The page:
2 R2, U2, B2, L2, D2) are also counted as single moves. This notation is independent of colors but depends on the viewpoint. A sequence of moves, an Operation is created by concatenating single moves and is called operation (i.e. FRBiL2)[1]. GENETIC ALGORITHM Puzzle can be scrambled by making random number of twists and to solve this puzzle there are various algorithm available, focus of this paper is to solve this puzzle within a polynomial time with the help of Genetic Algorithm. Genetic Algorithm finds the good and robust solution for any problem including NP- Hard problems. We can solve classical problem of Algorithm like Travelling Salesman problem that is Minimum Spanning tree problem, Knapsack problem. We will solve the Rubik s Cube by using genetic algorithm. Genetic algorithm used to find the optimal solution for the problem[2]. Genetic algorithm works on the principle of Darwin s theory: 1) Survival of the fittest selection is the population improvement or the survival of the fittest that is Structures with the highest finesses deletes the Structures with the lower finesses. 2) Crossovers results in good component with the good structures combining to reproduce even better structures than them that is crossovers recombine the different chromosomes from different genomes. 3) Mutation which creates new structures those are similar to current structure. How to make decision based on genetic algorithm? We will see with the help of pseudo code & flow chart PSEUDO CODE: Algorithm for GA is // start with an initial time t := 0; // initialize a usually random population of individuals Initial population f (t); // evaluate fitness of all initial individuals of population Evaluate f (t); // test for termination criterion (time, fitness, etc.) While not done do // increase the time counter t: = t + 1; // select a sub-population for offspring production f'(t):= select parents f (t); //recombine the "genes" of selected parents Recombine f' (t); // perturb the mated population stochastically Mutate f' (t); // evaluate its new fitness Evaluate f' (t); // select the survivors from actual fitness f(t) := survive f(t),f' (t); End GA. RELATED WORK To get more knowledge about genetic algorithm, I referred various papers [1][2], which talks about the solution of 0-1 knapsack problem and n-queens problem, The complexity of Dynamic approach is of the order of 0(n3) whereas the Greedy Method doesn't always converge to an optimum solution, so the solution for this problem is GA[1]. Genetic algorithm is applicable to wide range problems like an n-queens problem [2] also. In the absence of specialized solution for a particular problem, genetic algorithm would be efficient. There are several computational approaches for solving the Rubik s Cube, the three most important being the work of Thistlethwaite, Kociemba and Rokicki Their advanced algorithms are based on group theory concepts and apply advanced concepts such as symmetry cancelation and dedicated traversal methods (E.g. Iterative Deep Searching, IDA). Thistlethwaite s Algorithm (TWA) works by dividing the problem into 4 sub problems - specifically subgroups and subsequently solving those. By using precalculated lookup-tables, sequences are put together that move a Cube from one group into another until it is solved. Kociemba s Algorithm takes the idea of dividing the problem into subgroups from Thistlethwaite, but reduces the number of needed subgroups to only 2[1]. This method uses an advanced implementation of IDA, generating small maps, calculating and removing symmetries from the search tree and tends to solve the Cube close to the shortest number of moves possible. Kociemba made his approach available in form of a program called Cube Explorer [637]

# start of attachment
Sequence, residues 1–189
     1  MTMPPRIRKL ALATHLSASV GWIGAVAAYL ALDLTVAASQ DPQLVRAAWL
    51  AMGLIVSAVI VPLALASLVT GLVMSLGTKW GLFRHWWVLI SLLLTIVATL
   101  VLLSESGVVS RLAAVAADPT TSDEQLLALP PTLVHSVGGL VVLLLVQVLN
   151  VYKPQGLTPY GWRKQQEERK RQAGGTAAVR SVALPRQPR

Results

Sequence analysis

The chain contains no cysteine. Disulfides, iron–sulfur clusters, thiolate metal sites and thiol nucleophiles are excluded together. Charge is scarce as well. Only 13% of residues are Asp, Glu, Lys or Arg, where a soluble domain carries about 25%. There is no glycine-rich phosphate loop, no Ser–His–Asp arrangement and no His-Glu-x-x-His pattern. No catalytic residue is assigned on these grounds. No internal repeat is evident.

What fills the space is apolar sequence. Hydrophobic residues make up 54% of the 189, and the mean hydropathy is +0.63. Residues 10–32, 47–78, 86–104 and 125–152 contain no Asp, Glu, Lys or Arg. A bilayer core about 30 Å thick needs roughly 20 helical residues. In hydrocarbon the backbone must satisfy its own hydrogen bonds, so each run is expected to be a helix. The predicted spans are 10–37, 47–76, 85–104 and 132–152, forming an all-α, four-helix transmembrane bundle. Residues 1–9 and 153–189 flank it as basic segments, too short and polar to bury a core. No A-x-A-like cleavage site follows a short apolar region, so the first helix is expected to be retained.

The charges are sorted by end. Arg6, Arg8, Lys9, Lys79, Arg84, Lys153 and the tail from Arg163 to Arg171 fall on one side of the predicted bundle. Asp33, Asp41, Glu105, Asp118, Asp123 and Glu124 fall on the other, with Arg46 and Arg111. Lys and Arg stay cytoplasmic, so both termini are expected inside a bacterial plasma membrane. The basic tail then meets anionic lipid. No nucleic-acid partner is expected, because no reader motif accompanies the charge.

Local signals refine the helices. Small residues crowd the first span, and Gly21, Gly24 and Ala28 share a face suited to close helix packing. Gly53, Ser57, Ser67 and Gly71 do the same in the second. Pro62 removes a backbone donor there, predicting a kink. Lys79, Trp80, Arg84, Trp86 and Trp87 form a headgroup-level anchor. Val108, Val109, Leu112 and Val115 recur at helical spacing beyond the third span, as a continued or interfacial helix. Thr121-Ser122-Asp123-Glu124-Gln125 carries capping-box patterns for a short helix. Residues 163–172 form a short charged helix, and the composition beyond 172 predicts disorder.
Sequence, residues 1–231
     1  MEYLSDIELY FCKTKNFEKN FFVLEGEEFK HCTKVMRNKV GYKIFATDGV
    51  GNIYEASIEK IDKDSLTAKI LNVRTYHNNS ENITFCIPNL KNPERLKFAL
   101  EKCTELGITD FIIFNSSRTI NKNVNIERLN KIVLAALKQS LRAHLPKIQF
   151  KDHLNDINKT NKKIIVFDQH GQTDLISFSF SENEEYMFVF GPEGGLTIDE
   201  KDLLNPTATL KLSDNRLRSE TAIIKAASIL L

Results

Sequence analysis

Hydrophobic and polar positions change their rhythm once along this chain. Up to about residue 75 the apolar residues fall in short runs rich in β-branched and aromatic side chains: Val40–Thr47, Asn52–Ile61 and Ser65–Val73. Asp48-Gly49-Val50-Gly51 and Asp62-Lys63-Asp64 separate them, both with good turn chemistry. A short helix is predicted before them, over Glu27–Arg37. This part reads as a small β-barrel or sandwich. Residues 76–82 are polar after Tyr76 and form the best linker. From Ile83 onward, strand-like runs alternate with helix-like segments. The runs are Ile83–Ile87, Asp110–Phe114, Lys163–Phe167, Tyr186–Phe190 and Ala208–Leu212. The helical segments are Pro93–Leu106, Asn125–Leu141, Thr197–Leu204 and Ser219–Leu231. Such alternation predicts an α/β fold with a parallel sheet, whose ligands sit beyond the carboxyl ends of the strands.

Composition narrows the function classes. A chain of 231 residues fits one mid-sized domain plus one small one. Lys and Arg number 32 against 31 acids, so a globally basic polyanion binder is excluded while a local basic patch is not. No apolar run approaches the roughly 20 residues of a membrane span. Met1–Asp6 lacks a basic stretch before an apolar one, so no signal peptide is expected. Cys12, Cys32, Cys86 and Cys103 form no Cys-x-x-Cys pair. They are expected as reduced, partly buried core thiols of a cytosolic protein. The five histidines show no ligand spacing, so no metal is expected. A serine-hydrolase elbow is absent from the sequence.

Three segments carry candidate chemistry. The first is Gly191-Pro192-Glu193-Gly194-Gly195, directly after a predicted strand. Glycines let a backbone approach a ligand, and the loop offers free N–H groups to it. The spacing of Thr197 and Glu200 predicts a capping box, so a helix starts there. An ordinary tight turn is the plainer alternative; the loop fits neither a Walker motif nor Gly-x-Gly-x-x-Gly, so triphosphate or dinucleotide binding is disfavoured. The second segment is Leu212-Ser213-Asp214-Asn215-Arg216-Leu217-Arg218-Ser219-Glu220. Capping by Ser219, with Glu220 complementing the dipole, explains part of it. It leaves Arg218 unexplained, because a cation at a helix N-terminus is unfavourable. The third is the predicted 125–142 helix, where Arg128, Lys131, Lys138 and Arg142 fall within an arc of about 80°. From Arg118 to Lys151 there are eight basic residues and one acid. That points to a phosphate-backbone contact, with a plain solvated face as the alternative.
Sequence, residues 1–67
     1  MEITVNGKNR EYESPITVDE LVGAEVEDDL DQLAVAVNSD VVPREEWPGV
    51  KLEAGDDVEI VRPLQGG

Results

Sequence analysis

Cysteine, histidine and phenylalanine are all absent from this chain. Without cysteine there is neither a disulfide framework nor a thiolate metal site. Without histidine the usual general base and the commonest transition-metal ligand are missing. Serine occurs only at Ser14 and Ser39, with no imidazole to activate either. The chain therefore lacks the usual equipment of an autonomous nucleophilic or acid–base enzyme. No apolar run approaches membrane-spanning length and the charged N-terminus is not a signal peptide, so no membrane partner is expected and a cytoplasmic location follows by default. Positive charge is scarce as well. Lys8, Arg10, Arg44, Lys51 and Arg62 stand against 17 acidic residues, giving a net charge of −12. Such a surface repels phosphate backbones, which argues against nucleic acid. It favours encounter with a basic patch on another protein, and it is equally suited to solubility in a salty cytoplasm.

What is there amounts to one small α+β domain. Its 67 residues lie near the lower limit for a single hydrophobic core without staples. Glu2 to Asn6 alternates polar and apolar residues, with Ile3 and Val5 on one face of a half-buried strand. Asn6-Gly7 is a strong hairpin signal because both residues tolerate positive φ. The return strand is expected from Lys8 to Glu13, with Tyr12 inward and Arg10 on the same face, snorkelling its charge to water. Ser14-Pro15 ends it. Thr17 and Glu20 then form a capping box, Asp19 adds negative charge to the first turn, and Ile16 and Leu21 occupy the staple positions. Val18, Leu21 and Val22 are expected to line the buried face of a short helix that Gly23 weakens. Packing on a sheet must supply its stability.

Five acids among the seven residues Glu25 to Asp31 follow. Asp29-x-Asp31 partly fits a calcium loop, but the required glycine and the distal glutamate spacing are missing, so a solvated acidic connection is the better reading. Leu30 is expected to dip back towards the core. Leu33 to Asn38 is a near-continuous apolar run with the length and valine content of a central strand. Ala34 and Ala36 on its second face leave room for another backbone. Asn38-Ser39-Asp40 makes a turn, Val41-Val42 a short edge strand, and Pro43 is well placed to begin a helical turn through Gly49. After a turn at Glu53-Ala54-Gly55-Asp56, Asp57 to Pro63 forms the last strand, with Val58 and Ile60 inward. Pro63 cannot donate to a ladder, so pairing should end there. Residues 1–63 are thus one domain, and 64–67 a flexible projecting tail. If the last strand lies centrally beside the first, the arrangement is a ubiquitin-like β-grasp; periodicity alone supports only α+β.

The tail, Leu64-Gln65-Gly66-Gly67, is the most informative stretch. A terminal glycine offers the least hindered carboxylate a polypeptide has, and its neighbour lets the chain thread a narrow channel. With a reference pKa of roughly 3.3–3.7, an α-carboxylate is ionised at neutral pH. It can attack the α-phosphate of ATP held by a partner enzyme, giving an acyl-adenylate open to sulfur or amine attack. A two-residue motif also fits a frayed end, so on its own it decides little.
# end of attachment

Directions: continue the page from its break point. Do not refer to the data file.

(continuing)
3 which can be found at. Rokicki realized that the initial parts of the pathways computed by Kociemba s Algorithm are solutions to a large set of related configurations. He exploits this property by dividing the problem into 2 billion cosets, each containing around 20 billion related configurations. With this method he was able to push the upper bound to 200 moves sufficing to solve the Cube from any initial scrambled configuration[3]. PROPOSED SYSTEM: The basic idea of the GA is to divide the problem of solving the Cube into four independent sub problems by using the following four nested groups: G0=<F,R,U,B,L,D>,G1=<F,U,B,D,R2,L2>, G2=<U,D,R2,L2,F2,B2>,G3=<F2,R2,U2,B2,L2,D2>,G4=I. Obviously, G0 = GC. The functional principle of Thistlethwaite s Algorithm is to put the Cube into a state where it can be solved by only using moves from Gi which again has to be achieved by only using moves from Gi 1 for i = 1,... 4, thus named nested groups. Specifically, every stage of the algorithm is simply a lookup table showing a transition sequence for each element in the current coset space Gi+1\ Gi to the next one (i = i+1). These coset spaces, each describing a reduced form of the 33 Rubik s Cube puzzle, induce different kinds of constraints. This directly results in the total number of attainable states being reduced by using only moves from some subgroup Gi+1. The exact orders for each group are calculated as follows: G0 G0 = 4.33* 10^19 represents the order of the Cube Group. G1 The first coset space G1\G0 contains all Cube states, where the edge orientation does not matter. This is due to the impossibility of flipping edge cubies when only using moves from G1. As there are 2^11 possible edge orientations, G1\G0 =2^11=2048 (1) The order of G1 is G1 G0 G1\G0 =2.11*10^16.. (2) G2 Using only moves from G2, no corner orientations can be altered (eliminating 37 states). Additionally, no edge cubies can be transported to or from the middle layer (eliminating 12! (8! 4!) States). The coset space G2\G1 thus depicts a reduced puzzle of the order G2\G1 =3^7*(12! (8! \4!))= (3) And G2 G1 G2\G1 =1.95*10^10. (4) G3 Once in the coset space G3_G2, the Cube can be solved by only using moves from G3, here the edge cubies in the L,R layers cannot transfer to another layer (eliminating (8 (4! 4!)) * 2 states) and corners are put into their correct orbits, eliminating (8! (4! 4!)) * 3 states). Thus, G3\G2 = ((8! (4!*4!))^2)*2*3= (5) And G3 G2 G3\G2 =6.63*10^5 (6) G4 As G4 represents the solved state - obviously G4 = 1 which means there exist a mere G3 possible states for which a solution needs to be calculated to transfer from G4_G3 to solved state. Most essential to TWA are the groups G1, G2, G3 as G0 simply describing the Cube Group GC and G4 the solved state. To further exemplify how the coset spaces simplify the Rubik s Cube puzzle the following may prove helpful. When looking at the constraints induced by G2\G1\G0 carefully (combining the constraints induced by G2\G1 and G1\G2) it is essentially a Rubik s Cube with only 3 colors - counting two opposing colors as one. This representation can be reached for each distinct coset space by examining and applying its effect to the complete Rubik s Cube puzzle. While solving the Rubik s Cube in a divide and conquer manner, breaking it down into smaller problems (by generating groups and coset spaces) is effective, there exists one major flaw. Final results obtained by concatenating shortest subgroup solution do not necessarily lead to the shortest solution, globally. [638]